Ensuring good governance, compliance in banking

09 December 2016
Good corporate governance and compliance structures create value and provide accountability and control systems, through which risks can be monitored and managed.
Vistorina Ilonga (VI) is the Head: Governance and Compliance at Nedbank Namibia and sheds more light on the governance and compliance environment of banks in Namibia, Africa and beyond, in the interview below:
w is the governance and compliance landscape in Namibia, as it relates to banking?
The fact that the funds used by banks belong to depositors makes the bank responsible to a wide array of stakeholders which includes clients, suppliers, regulators and the community. The banking industry sits at the heart of the economic system and it has a special duty to ensure that its own governance and compliance is unimpeachable. Banking is surrounded by more laws, regulations and outside supervision than any other corporate sector.
Due to the rise of terrorism, geo-political tensions, cyber-crime, mobile phone banking, and increasing non-traditional entrants into the banking sphere, the trend in compliance is leaning towards increased regulation, increased investment into IT security, enhancement of localised capacity for customer support, heightened capital reserve requirements and a scepticism towards ultra-sophisticated financial instruments.

The failure of banks to adhere to compliance and governance regulations can therefore have a systemic impact on the whole financial system as was evident during the collapse of certain banks which led to a global financial crisis some years back.
What are some of the differences between our governance and compliance space here in Namibia, as compared to Africa and the rest of the world?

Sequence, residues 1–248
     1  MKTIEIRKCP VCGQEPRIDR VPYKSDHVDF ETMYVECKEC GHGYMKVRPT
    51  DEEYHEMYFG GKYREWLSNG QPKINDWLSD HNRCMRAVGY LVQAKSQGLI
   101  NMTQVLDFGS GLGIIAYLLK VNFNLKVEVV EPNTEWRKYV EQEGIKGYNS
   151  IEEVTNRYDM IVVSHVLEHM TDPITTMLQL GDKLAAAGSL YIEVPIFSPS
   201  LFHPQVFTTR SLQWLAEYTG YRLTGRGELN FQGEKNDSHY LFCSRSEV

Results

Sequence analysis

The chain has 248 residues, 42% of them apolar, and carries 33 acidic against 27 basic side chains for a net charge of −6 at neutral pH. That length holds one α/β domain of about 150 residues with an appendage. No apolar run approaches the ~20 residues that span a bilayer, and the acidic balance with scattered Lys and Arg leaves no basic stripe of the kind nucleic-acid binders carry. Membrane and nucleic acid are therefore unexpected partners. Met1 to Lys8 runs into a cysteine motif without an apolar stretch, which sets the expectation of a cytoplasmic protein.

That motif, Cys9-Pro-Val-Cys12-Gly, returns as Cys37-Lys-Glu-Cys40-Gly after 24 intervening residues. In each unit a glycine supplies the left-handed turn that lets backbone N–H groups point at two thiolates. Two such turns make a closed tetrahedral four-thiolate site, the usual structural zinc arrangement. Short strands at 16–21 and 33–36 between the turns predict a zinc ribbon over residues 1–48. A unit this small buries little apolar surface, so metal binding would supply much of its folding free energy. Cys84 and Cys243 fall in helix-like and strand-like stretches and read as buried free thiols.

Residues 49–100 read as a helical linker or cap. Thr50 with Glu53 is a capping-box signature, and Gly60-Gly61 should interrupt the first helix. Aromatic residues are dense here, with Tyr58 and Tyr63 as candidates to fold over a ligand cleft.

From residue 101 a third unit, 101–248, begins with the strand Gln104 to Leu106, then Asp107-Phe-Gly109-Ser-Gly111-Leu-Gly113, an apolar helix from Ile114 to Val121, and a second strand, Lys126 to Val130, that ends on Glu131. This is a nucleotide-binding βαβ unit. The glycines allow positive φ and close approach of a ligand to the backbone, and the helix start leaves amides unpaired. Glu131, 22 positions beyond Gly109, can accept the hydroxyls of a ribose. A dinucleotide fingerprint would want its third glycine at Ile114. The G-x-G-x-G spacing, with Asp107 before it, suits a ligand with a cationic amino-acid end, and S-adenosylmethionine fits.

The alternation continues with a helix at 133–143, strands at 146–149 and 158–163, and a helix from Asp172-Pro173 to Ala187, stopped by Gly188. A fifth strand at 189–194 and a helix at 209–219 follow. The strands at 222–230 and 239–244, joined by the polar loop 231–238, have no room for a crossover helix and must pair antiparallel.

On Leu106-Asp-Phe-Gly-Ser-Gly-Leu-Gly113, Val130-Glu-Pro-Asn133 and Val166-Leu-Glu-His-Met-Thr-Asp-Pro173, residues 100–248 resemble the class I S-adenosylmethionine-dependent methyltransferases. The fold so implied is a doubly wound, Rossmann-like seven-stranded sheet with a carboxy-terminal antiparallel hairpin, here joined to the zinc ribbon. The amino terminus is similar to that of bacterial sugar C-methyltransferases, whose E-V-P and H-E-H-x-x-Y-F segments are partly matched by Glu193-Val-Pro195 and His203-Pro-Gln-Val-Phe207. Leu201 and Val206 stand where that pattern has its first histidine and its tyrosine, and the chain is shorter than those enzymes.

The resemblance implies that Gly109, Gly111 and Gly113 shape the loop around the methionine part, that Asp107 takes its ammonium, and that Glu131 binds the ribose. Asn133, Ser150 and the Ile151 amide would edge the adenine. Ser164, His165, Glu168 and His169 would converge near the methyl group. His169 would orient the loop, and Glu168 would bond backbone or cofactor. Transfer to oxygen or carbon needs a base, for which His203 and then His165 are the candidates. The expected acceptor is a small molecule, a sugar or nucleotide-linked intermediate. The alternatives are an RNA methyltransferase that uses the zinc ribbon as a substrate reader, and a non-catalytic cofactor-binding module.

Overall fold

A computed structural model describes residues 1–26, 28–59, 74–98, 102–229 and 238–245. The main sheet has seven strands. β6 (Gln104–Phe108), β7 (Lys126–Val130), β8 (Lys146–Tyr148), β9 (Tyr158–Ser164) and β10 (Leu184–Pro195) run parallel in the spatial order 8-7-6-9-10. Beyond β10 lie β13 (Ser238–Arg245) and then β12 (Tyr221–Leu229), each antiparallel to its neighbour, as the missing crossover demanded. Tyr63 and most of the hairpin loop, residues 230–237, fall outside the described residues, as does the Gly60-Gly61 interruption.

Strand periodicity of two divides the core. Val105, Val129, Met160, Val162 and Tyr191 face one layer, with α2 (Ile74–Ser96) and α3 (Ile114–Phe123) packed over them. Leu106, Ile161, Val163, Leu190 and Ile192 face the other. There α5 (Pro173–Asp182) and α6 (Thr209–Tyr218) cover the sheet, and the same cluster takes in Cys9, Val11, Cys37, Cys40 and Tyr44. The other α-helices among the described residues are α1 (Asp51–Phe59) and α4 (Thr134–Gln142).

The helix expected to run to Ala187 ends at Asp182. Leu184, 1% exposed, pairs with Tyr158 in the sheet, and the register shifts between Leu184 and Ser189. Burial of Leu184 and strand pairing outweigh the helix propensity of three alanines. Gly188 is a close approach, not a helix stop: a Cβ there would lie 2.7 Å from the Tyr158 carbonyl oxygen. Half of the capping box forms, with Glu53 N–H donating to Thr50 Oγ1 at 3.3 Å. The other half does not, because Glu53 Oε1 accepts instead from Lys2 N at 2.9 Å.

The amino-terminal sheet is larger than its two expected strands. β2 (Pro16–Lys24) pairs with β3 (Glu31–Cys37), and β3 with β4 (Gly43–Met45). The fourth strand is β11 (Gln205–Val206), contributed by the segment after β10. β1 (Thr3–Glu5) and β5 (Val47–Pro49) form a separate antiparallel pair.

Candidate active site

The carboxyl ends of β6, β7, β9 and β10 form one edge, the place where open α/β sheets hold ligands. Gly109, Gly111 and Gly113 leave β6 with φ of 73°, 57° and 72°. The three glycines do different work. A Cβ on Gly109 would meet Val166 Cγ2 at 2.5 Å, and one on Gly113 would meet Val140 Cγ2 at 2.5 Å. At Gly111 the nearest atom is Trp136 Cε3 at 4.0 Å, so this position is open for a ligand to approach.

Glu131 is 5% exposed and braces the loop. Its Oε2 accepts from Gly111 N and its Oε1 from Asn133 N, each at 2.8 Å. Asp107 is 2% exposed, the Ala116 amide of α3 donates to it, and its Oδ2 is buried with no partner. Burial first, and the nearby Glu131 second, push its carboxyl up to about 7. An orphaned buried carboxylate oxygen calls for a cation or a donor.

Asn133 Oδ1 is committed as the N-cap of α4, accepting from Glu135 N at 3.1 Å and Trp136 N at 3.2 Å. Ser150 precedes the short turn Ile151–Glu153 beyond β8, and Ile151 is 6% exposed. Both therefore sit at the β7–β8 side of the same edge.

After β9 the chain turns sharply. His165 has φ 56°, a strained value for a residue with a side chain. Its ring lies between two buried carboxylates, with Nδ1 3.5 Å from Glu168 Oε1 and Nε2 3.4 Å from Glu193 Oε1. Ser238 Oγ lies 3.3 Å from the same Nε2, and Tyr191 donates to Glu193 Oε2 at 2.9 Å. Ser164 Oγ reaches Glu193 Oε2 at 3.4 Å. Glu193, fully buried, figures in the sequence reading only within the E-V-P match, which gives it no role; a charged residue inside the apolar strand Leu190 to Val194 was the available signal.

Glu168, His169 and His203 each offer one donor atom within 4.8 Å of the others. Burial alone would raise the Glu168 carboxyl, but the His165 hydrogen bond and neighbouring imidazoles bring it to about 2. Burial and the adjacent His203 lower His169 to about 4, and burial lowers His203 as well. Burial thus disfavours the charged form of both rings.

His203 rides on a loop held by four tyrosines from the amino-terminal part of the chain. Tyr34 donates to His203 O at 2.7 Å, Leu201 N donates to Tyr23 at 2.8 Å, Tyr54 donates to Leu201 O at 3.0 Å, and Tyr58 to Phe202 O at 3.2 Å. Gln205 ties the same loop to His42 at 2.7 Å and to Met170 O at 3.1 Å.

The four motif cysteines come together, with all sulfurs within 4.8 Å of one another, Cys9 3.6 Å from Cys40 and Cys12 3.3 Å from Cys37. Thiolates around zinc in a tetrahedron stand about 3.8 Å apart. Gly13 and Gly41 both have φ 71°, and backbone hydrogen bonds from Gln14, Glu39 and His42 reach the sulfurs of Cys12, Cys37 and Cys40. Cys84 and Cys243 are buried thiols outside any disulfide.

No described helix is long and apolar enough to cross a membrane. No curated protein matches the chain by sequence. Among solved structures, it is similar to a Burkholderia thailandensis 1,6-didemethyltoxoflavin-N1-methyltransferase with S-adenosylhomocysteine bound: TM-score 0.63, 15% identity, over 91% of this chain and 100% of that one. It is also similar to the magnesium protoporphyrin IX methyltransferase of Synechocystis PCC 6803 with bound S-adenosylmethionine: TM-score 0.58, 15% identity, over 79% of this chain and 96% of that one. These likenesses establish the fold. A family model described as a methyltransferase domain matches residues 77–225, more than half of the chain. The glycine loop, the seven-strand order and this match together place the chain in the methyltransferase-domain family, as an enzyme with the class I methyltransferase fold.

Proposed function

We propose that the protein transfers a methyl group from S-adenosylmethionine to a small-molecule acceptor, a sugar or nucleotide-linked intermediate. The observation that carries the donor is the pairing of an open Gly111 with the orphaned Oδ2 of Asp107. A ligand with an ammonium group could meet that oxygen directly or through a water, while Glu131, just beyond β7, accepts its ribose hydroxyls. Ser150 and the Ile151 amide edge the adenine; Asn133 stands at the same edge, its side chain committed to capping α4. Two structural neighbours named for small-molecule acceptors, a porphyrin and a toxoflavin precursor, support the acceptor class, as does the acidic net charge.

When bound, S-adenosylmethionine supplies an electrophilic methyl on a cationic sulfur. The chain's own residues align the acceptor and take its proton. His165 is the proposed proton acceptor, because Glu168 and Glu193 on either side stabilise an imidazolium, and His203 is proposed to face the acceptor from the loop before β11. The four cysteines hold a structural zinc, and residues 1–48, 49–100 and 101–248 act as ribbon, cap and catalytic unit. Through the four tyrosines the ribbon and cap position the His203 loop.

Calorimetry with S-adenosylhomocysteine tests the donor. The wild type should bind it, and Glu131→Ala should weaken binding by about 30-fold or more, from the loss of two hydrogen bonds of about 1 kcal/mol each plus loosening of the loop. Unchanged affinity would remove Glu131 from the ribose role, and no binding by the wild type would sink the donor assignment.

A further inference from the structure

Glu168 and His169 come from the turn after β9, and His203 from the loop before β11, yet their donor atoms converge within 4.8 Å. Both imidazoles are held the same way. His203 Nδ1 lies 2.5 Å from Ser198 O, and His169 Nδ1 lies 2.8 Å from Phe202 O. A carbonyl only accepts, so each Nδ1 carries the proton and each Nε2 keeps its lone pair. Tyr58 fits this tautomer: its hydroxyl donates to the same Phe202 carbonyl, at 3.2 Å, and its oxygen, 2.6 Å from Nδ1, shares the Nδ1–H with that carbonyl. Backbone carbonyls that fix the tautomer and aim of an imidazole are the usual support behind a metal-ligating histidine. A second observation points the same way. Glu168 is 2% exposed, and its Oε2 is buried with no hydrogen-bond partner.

Namibia has a small population compared to other world economies which presents an opportunity for efficient regulation of the sector. The global regulatory trends are nonetheless being imposed on an international scale with laws relating to privacy, money laundering, capital reserves, bribery and corruption, sanctions and terrorism all having a bearing on the regulatory environment.
Moreover from a governance point of view, it has become non-negotiable for boards and executives to have not only an eye towards profits, but also sustainability of the environment, society and the enterprise as a whole.
How demanding is your job and how do you stay on top of your professional game?
Governance and compliance in the banking industry is extremely demanding due to the myriad laws and regulations which constitute our regulatory environment. Staying on top of your game requires an element of creativity by seeking innovative ways of communicating and implementing new regulatory developments and a lot of research and reading to keep abreast with new developments. Failure to be effective could result in regulatory fines and sanctions which have an adverse effect on the profits, reputation, share price and value of the bank.
What is your approach to leadership and management?
During my ascent of the corporate ladder, after having started as an administrator, each promotion has seen me gain valuable experience and insights into the challenges faced by entry-level or junior staff. Having been in the same shoes, I understand what they deal with and the way different operations need to coalesce.